Sense of Place: Its Relationship to Self and Time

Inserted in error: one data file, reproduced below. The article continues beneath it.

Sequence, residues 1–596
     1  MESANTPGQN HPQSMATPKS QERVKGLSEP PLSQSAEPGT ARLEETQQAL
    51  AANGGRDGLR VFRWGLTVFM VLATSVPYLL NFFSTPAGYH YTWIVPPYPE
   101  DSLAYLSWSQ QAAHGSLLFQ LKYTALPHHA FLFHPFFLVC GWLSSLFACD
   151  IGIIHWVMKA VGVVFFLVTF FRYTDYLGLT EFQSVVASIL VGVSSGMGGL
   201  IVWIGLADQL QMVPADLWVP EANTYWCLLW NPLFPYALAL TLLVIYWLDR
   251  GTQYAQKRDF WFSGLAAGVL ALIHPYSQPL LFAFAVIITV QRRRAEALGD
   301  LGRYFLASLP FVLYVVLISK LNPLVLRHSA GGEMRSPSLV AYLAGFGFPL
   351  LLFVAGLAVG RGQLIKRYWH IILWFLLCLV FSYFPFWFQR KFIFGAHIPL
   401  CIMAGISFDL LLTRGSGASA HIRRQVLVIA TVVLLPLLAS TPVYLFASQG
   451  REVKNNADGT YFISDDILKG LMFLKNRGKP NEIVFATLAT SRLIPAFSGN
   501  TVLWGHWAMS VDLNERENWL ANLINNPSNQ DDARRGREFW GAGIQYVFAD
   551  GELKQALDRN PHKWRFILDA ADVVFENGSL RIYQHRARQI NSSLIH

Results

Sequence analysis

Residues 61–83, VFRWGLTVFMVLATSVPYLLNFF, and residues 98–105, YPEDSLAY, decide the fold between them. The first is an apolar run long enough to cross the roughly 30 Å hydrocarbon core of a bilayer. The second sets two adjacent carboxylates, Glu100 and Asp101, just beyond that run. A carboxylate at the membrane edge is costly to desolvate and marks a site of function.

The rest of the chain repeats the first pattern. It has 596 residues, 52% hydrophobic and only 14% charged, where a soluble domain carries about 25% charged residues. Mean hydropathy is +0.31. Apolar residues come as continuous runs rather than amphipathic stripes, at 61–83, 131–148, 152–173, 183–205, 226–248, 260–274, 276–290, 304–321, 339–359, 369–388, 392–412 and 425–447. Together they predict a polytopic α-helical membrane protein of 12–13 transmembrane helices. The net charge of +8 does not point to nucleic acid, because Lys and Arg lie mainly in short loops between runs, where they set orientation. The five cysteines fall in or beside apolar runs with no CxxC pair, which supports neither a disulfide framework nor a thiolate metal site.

Sense of place would seem clearly a function of time: a period of time must lapse before one can have a sense of place. Yet this is not quite right for, as we shall see later, we can identify with a place immediately. More true is this: place must stop changing for a human being to be able to grasp it and so have a sense of it. Some places change so slowly that, from a human perspective, they are timeless. Large natural features - mountains, forests, and rivers - are outstanding examples. People come and go, generations pass, but the mountain or river stays much the same. Some old human habitations seem changeless. Of course, they have had a history, but that history - history as development - came to a stop, or seems to have come to a stop; and thereafter, human beings see it and remember it as changeless. A key characteristic of modern times, as we all know, is the rapidity and ubiquity of change. What was scrubland is now a shopping mall. Our hometown is barely recognizable after an absence of ten years. A whole mountaintop can be removed in a matter of weeks to gain access to coal. The last event is perhaps the most disturbing, for if even the hills - those 'eternal hills' of old eloquence - are not fixtures, what are? How can we develop a sense of place - of any place - if nothing stays put?